“Right now Big Bird is coming across the country in this box, and it’s killing me because it’s so poetic,” Da Corte said. His studio worked with a fabricator in California, making micro adjustments to the bird’s form and detail in video calls and through mailed ephemera — feather samples, “troll blue” color swatches. The sculpture is making the journey to New York from California in the back of a truck. When it arrives on the Met rooftop, it will, figuratively speaking, be set free. Da Corte has placed a ladder in Big Bird’s hands, suggesting the opportunity for transcendence or escape. “We wanted Big Bird to have agency,” Da Corte says. “Will Big Bird stay or go?”
If Da Corte is paying homage to “Sesame Street,” he’s also views it through a critical lens. The Wicked Witch of the West, for instance, has a special place in the Sesame Street pantheon: She was excluded from it. When the actress Margaret Hamilton appeared in an episode as the witch, her character in the “Wizard of Oz,” it drew such vitriol from angry parents, afraid that the show would scare children and promote Wiccan ideas, that the episode aired just once before being taken out of circulation. So Da Corte, who reprised his role as the witch for this New York Times photo shoot, reimagined her cameo alongside Oscar the Grouch in his video “Rubber Pencil Devil,” a series of vignettes and tableaus featured in the 2019 Venice Biennale. The witch, a queer archetype and protector of queer spaces, according to the artist, is also “misunderstood — and she’s got something to say,” he added. “I appreciate her.”
Da Corte’s wide embrace of difference — and interest in dissonant juxtapositions — is matched by his almost feverish use of art historical references and touchstones. As he studied the Met’s catalog in preparation for “As Long as the Sun Lasts,” he gravitated toward the unicorn trapped by a low fence in the museum’s medieval Unicorn Tapestries — it evoked Big Bird, trapped behind bars in “Follow That Bird.” And toward Paul Klee’s painting “Miraculous Landing,” containing an ark and a ladder.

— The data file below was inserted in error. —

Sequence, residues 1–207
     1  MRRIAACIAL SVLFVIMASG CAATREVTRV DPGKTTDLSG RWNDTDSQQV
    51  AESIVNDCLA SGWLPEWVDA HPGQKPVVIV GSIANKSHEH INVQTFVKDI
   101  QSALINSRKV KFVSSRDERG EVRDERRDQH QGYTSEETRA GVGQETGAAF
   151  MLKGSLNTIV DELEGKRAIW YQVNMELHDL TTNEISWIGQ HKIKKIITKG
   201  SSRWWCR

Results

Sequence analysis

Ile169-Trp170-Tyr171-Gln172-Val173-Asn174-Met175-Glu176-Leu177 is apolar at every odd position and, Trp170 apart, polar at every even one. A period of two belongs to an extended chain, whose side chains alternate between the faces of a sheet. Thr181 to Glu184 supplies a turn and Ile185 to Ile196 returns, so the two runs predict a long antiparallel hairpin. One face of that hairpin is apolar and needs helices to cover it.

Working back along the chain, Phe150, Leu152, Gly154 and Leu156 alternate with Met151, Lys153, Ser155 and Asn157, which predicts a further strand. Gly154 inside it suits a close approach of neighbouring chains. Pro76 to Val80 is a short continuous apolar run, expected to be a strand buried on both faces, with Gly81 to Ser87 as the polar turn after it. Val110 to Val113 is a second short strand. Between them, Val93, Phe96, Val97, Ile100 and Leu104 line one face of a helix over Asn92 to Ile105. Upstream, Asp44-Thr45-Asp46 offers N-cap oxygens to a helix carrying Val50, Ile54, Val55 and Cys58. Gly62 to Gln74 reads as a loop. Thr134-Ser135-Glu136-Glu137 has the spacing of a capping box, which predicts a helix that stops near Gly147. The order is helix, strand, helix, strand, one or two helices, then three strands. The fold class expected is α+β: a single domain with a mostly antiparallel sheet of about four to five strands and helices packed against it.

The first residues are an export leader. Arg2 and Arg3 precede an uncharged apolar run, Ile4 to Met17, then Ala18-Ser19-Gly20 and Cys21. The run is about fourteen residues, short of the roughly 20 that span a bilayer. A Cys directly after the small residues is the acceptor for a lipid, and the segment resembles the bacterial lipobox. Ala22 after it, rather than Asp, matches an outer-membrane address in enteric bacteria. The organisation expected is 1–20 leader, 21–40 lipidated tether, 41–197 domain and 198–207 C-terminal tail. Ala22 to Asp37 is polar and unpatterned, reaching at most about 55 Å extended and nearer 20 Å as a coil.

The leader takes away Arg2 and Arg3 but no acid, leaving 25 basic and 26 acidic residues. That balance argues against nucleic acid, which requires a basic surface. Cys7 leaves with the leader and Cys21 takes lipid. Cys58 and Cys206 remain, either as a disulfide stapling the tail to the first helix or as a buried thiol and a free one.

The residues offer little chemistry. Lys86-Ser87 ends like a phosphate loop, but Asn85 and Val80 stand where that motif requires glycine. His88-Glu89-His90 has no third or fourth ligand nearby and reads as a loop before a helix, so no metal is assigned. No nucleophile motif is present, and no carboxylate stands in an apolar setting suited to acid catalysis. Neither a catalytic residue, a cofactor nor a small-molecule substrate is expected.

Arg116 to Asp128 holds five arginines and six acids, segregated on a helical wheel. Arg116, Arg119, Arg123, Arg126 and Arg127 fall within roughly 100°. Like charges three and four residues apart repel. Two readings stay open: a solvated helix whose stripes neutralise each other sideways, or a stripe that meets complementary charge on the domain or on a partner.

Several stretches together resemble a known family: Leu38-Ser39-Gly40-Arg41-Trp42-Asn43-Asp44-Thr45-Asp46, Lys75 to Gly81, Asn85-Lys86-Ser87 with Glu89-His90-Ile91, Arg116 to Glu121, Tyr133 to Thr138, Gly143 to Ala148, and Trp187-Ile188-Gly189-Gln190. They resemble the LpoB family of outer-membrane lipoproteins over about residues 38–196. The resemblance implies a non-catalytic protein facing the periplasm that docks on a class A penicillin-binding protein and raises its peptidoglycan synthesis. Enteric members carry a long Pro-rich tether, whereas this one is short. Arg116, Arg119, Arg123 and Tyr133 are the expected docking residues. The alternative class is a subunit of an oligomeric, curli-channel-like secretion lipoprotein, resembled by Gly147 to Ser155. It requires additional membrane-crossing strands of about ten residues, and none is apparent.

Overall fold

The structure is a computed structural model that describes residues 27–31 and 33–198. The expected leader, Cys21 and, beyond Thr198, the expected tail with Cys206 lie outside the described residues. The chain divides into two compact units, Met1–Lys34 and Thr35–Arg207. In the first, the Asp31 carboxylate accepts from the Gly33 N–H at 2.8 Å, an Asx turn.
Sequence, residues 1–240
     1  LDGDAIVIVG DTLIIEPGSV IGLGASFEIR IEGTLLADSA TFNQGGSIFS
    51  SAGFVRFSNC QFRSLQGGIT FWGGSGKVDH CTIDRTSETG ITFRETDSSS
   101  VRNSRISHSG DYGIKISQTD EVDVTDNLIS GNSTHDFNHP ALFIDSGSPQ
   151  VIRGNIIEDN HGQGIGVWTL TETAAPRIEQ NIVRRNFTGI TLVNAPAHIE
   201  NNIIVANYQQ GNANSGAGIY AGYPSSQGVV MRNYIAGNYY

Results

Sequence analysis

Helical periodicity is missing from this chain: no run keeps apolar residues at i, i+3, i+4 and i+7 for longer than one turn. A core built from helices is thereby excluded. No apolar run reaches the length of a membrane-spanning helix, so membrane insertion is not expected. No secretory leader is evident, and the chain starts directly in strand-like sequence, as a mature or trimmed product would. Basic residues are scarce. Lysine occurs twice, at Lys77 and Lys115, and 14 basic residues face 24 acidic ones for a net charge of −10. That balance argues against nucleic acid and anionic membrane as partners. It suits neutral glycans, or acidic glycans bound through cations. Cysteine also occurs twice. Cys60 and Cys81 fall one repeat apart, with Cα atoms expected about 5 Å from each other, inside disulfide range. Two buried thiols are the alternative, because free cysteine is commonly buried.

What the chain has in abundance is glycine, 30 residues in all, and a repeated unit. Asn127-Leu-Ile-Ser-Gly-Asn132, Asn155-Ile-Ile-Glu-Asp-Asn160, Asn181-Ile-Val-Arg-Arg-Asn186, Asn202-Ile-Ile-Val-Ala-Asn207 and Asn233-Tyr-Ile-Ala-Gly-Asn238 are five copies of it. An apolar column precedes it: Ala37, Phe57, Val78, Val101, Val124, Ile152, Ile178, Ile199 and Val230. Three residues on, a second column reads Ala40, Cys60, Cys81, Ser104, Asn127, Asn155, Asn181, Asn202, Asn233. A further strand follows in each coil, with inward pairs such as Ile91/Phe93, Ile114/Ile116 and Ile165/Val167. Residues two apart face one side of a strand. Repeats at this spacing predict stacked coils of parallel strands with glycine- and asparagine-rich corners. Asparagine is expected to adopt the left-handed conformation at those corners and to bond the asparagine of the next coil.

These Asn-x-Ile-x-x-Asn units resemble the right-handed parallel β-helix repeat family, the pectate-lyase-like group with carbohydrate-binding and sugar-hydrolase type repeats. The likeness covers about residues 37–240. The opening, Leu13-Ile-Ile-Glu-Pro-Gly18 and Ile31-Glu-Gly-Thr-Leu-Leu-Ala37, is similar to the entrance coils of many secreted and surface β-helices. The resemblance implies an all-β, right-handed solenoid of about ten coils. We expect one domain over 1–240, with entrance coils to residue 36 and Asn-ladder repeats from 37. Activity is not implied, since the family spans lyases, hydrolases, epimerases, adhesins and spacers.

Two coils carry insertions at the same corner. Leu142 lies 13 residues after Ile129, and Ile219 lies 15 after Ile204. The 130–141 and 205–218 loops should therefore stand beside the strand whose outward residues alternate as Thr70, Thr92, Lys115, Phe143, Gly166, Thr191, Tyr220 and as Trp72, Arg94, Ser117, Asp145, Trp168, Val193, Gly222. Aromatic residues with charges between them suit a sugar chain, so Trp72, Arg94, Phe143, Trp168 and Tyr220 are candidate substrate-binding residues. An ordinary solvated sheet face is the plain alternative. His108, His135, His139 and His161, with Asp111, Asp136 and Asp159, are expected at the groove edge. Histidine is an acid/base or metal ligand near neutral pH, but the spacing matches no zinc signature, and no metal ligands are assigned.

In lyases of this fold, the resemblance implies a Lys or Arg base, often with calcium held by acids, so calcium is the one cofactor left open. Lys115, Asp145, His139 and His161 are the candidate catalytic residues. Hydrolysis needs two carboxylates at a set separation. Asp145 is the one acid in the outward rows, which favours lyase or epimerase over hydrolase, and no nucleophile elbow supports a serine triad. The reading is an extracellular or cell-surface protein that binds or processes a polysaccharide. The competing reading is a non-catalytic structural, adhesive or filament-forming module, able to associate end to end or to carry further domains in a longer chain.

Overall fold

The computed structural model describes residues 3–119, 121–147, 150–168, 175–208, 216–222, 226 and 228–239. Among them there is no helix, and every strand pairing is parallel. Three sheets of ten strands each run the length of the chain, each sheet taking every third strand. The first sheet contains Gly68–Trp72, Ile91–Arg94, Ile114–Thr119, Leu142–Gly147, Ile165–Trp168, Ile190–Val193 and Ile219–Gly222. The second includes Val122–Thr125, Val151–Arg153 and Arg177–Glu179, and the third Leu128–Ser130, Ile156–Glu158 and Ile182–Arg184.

Da Corte said he thought about horizon lines in Caspar David Friedrich’s “Wanderer Above the Sea of Fog” (around 1818), in which a romantic figure gazes out over the sublime; and Marisol’s “Self-Portrait Looking at the Last Supper” (1982-84), in which the artist placed a sculpture of herself in front of the biblical scene, like she is “looking at ecstasy,” he said.
In Da Corte’s piece, Big Bird is gazing out to the skies over Central Park, its eyes softly, inquisitively meeting a new frontier, whatever it might hold. The work is dedicated to Da Corte’s father, who came to America from Venezuela as an outsider, an immigrant, to find a new home. “There’s something beautiful about wondering what Big Bird is looking for,” Da Corte said. “Maybe the sunset.”
The various elements of the piece took shape during the height of the lockdown, and Da Corte’s experience of that is baked into this project’s DNA. He sees the work as embodying the transitional state that our culture finds itself in at the tail end of a yearlong global shock wave that promises to transform us in ways we can’t yet see. “Developing this project throughout the pandemic has been so intense, because you’re thinking of the state of the world and how heavy it is,” he said, “and how do you even exist outside of yourself to look thoughtfully at what’s happening in the moment?”
Could Big Bird offer us some deliverance — some passage to stable ground? “There’s nothing miraculous about this and there is no landing,” Da Corte said, invoking the title of the Klee painting he was drawn to. “It’s just onward. There’s much labor. There’s much thought. There’s work to be done as long as the sun lasts.”